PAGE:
• MostlyRetired

        Thank you, Dr. Graziano, for your article and for your reply to this commenter. Our experience was that it is very difficult for the experts to tell the difference between "developmental delays" and more permanent issues in the first-grade age group. We fell into the "developmental delay" trap for a while, both because it was a comforting diagnosis and because both our insurance and the State refused to pay for therapy to address a mere "delay." We eventually learned better and paid tens of thousands of dollars out-of-pocket for the necessary speech and physical therapy. Our son, now in college, eventually did catch up (he was perhaps 18 months behind his age-group peers in affect and ability in elementary school), although he is still clumsy and has a speech difference. We found the local public school district (the same one you are in) to be unhelpful but not full-on vicious.

  • Ronda

    I'm so sorry to hear of your experience! It makes me so sad. It seems that your son would be very resilient, given his nice personality and gift of empathy. I hope you all heal and recover from this experience, and that you are able to assist others in turn, who would benefit from your kindness and compassion. It looks like your son has already done this, by befriending the child with the disability that you spoke of. What wonderful leadership! Blessings to all of you!

  • sectioned and grining

    While I do experience some form of sympathy for what has been endured, I also do find it very funny that the two parents are active in the neuroscience / psychiatry field. They have simply been experiencing what it means to be defamed as a danger to someone else. They have experienced the self justifications of bureaucracies. People that have been sectionned on psychiatric allegations endure the same.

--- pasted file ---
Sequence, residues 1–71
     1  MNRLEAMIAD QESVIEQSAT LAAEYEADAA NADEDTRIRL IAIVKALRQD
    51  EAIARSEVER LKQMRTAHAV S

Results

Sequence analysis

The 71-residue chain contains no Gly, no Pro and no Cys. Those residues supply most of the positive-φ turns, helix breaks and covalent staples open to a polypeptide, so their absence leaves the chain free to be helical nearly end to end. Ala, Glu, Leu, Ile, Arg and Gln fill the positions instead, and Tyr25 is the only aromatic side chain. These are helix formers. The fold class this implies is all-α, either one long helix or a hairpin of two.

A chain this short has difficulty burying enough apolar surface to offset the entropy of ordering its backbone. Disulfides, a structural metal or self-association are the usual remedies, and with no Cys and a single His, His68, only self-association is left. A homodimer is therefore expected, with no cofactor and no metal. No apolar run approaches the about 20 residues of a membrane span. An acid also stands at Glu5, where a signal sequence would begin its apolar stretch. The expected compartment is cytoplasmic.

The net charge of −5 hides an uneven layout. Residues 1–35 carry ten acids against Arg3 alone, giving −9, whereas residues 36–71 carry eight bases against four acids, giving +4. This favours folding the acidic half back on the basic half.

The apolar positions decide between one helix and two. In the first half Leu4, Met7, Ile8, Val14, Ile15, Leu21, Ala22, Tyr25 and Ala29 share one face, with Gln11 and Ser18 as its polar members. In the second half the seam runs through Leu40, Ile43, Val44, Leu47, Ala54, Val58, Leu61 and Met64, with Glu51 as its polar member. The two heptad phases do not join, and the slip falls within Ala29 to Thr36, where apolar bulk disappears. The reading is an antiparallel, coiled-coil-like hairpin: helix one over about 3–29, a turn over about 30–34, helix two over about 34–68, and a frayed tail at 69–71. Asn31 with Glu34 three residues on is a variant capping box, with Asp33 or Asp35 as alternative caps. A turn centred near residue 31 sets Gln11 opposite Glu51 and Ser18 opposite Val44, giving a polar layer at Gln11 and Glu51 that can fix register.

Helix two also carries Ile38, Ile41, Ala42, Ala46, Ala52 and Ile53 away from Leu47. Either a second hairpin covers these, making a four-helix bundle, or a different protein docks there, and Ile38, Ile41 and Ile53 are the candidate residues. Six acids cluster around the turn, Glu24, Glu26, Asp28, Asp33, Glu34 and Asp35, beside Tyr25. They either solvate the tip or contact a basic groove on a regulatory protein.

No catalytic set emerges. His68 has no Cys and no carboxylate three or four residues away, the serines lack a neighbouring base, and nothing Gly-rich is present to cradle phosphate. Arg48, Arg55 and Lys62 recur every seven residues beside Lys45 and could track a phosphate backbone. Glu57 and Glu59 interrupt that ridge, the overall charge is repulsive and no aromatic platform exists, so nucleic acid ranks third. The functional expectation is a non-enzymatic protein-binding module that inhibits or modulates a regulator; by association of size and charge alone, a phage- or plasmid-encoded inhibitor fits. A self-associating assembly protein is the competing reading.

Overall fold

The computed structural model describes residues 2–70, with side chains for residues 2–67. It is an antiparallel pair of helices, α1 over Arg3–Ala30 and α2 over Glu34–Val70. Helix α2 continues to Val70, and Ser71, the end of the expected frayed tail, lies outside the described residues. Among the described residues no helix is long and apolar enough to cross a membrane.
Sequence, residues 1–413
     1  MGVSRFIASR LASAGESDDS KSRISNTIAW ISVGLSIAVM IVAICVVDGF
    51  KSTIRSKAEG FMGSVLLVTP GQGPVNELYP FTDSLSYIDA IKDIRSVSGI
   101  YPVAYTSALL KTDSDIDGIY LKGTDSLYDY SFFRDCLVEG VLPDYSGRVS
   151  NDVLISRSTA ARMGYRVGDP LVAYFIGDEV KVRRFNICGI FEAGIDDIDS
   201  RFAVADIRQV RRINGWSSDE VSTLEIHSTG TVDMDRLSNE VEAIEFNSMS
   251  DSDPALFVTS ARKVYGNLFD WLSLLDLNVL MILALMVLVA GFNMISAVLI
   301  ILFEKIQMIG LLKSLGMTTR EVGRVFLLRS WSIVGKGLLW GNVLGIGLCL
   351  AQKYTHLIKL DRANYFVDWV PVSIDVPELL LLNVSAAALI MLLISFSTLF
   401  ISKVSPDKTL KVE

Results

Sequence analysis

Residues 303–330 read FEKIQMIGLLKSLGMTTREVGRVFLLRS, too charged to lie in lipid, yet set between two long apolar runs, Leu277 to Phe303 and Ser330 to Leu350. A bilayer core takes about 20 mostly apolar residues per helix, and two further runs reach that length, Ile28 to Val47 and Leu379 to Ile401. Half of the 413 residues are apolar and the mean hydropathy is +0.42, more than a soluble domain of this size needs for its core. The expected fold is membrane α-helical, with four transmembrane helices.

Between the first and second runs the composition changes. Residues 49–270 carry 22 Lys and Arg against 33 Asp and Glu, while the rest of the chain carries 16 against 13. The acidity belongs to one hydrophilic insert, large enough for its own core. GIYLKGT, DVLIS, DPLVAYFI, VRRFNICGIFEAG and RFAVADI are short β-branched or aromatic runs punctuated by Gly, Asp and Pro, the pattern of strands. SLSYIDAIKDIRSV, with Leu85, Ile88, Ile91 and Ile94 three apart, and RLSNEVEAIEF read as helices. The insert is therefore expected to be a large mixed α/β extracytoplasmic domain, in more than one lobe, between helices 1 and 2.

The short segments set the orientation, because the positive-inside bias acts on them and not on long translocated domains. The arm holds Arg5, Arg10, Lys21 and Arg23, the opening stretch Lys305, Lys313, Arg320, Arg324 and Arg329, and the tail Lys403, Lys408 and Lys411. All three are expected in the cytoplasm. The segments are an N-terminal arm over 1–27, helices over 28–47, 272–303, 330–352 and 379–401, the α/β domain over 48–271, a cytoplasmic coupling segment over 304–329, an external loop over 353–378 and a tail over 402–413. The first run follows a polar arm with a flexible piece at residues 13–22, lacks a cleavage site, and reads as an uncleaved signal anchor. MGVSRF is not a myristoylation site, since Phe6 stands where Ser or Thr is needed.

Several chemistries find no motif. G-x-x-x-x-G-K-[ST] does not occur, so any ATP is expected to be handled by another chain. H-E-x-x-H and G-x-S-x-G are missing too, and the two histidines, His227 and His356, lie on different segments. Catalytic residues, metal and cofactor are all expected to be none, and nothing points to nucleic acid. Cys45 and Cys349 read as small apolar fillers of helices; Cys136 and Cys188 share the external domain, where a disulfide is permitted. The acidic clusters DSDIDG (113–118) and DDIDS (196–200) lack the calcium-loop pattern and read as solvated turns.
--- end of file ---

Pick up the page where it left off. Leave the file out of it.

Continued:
To the average psychiatrist, the parents could be seen as acute paranoiacs. Food for thought...

    • varados sucuri

      Which average psychiatrists? You? If not you, how many? Three? Two-thousand? Food for thought...

  • Kay H.

    IMHO, most public school teachers are just bright enough to pass teacher training in a 3rd class college. An IQ of, say...,115 max. There are a LOT of things they can't understand and many more that they choose not to understand, bless their little upward bound, lower middle class hearts. And I'm a retired public school teacher.

  • Carol

    I just retired from teaching after a long career in counseling as well. I worked specifically in Special Education classrooms and one-to-one assigned students. Your child's experiences are an example of the type of treatment many and I mean many families have to cope with. My first words to anyone who tells me they are "trying" to get help for their disabled child are: You need to know the law and you better be ready to stand up and fight for his or her rights!" Our education system in the our country is flawed and filled with discrimination against kids with disabilities, racial discrimination in addition to a continuation of employment of inadequately trained teachers who need to be retired now! One boy with Asperger's story has been a "success" story only because his family and I worked together to fight all the blocks put in our way. He will graduate from high school this May 2014! I am a fighter but of course didn't put that on my application when I originally requested an interview for employment. Our school systems don't want "fighters" who know the laws, both federal and state guidelines to reduce discrimination against children with disabilities or other challenges to their learning. Your story is repeated daily across this country. I support it being printed on the front page of every newspaper across the U.S.A.